So why did I keep playing? Was it my masochistic tendencies? Or my obligation to strive forth in order to write a halfway decent review? Actually, first impressions aside, Two Worlds II really has a lot going for it. The game has a very robust and deep crafting system that allows you to break down any item or weapon and use its parts to rebuild your other more used weapons. Think Fallout: New Vegas, but less cumbersome, and you’ve got the idea. You can find items in the wilderness and combine them to make potions in your cauldron, and even name and save the recipes for future use. Very cool. You can also use a very rich magic system to create individual spells that have different attributes, like a room-clearing fire blast, or ice bolts, air and earth powers. Magic fans will love the options here, even if they don’t always work well in combat. Still, the options in the game are many in terms of how you play the game, which is good because you’ll be playing this game awhile. There’s a lot of stuff to do here, including a whole multitude of side quests that can really distract you from the main game (thanks in part to the confusing quest log). Sure there’s a lot of fetch quests going on, or the standard “go here and kill this person, or convince them to leave instead” and that’s to be expected in this genre, but it doesn’t hinder the experience. The map to get you to these quests works well enough (though I would have preferred a higher level of zoom), and you can use a teleport stone to easily jump from place to place. While you’re jumping from city to city, you can partake in other time wasters that include gambling, playing music for money in a Guitar Hero-esque minigame, or joining up with a guild to go do guild stuff. Like I said, there’s a lot of stuff to do, so there is really no complaint on that front.
The graphics are good, but not great. Some of the effects (like water) look really great, and motion blur helps to alleviate some of the grainier textures you may find. Character models are ok, but animations are either too stiff (enemies especially) or way too loose (you running and fighting) and like I said before, during conversations characters can make odd gestures. Luckily, when you tire of looking at people, the world of Andaloor gives you a whole lot to look at, being so big and all. The setting is very “African” in its colors and landscapes, which is pretty cool, and is full of all sorts of baddies. Sure you get the usual “giant scorpion for some reason” and reanimated skeletons straight out of Jason and the Argonauts, but at least the developers got creative by adding dinosaurs, rhinos, walking dogs and even ostriches into the mix in a sort of Noah’s Ark approach to enemy design. Lighting effects are done well, like a torch in a dimly-lit lighthouse, and the changing of time during the day provides nice ambience.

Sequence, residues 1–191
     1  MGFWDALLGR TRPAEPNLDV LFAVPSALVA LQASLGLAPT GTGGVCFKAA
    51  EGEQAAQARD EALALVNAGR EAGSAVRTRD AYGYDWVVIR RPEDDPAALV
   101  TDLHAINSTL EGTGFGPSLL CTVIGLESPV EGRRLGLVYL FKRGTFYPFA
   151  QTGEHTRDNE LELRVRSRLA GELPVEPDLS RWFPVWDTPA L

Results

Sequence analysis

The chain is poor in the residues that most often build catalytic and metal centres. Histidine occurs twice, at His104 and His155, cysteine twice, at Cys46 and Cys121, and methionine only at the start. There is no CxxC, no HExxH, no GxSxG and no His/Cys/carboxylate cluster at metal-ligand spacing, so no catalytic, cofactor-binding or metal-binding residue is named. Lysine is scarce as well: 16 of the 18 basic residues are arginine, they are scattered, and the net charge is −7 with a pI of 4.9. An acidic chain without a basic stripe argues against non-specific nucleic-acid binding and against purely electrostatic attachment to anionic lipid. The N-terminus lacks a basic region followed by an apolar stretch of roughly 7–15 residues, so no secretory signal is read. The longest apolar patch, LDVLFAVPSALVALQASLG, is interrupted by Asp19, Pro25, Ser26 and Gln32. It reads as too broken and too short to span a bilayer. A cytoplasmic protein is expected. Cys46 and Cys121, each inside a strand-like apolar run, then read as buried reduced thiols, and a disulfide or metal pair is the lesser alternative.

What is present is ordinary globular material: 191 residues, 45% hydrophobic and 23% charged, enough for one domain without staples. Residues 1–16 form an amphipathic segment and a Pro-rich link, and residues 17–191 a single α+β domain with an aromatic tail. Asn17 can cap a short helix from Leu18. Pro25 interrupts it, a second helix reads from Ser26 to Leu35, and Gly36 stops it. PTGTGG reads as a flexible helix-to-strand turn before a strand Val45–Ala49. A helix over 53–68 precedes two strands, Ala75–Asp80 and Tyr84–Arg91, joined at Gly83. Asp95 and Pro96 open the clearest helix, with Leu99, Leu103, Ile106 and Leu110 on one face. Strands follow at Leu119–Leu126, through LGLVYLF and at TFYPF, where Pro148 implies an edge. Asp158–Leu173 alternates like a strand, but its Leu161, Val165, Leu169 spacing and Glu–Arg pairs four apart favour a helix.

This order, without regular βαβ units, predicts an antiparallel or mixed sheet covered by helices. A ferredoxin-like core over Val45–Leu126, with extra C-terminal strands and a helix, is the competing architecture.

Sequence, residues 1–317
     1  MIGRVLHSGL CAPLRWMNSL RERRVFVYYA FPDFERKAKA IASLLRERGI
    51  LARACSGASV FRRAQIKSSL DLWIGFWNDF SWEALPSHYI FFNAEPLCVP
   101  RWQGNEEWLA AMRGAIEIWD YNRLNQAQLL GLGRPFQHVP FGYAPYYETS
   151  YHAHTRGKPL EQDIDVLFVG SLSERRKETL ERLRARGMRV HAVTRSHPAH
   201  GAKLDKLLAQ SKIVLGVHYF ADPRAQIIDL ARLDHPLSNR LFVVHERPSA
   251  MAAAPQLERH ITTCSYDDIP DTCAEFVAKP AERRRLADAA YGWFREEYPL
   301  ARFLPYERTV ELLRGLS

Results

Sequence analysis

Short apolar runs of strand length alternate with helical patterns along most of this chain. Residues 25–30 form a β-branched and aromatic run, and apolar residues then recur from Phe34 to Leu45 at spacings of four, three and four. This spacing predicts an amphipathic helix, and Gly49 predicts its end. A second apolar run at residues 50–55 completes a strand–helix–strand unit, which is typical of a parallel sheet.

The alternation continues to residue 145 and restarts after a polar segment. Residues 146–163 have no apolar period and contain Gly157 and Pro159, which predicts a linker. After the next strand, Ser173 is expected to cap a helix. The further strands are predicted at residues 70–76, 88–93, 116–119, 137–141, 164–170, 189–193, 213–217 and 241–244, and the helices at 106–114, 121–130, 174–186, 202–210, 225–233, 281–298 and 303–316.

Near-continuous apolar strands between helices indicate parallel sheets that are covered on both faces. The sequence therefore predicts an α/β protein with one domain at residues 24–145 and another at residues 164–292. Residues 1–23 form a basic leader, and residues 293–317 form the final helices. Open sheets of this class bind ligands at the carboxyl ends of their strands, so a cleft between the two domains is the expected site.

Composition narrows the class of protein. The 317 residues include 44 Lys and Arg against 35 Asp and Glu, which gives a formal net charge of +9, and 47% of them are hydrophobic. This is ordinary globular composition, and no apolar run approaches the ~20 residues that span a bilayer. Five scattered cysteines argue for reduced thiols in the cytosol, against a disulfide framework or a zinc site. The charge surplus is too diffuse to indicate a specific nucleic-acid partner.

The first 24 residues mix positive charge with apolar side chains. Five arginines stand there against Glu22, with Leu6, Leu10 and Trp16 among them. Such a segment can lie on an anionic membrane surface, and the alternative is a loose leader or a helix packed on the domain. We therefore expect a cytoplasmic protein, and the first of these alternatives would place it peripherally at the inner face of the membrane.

Sound is superb, with appropriate sounds for weapons and animals etc. like weapons clanging, dogs barking, and fire crackling. The soundtrack is a nice orchestral theme that I found myself growing very fond of. It’s not Michael Giacchino memorable, but it sounds pretty. Apparently, the voice acting in the original was atrocious. Well, in Two Worlds II the voice acting is hit or miss, with your main character being the worst by a large margin, and others being rather charming and often interesting. I found myself skipping through the main character’s lines, because they are all delivered in that sort of smarmy under-the-breath growl of a man who’s trying way to hard to sound menacing and cool. Where’s your range, buddy? This ain’t Max Payne, clear your throat and speak up.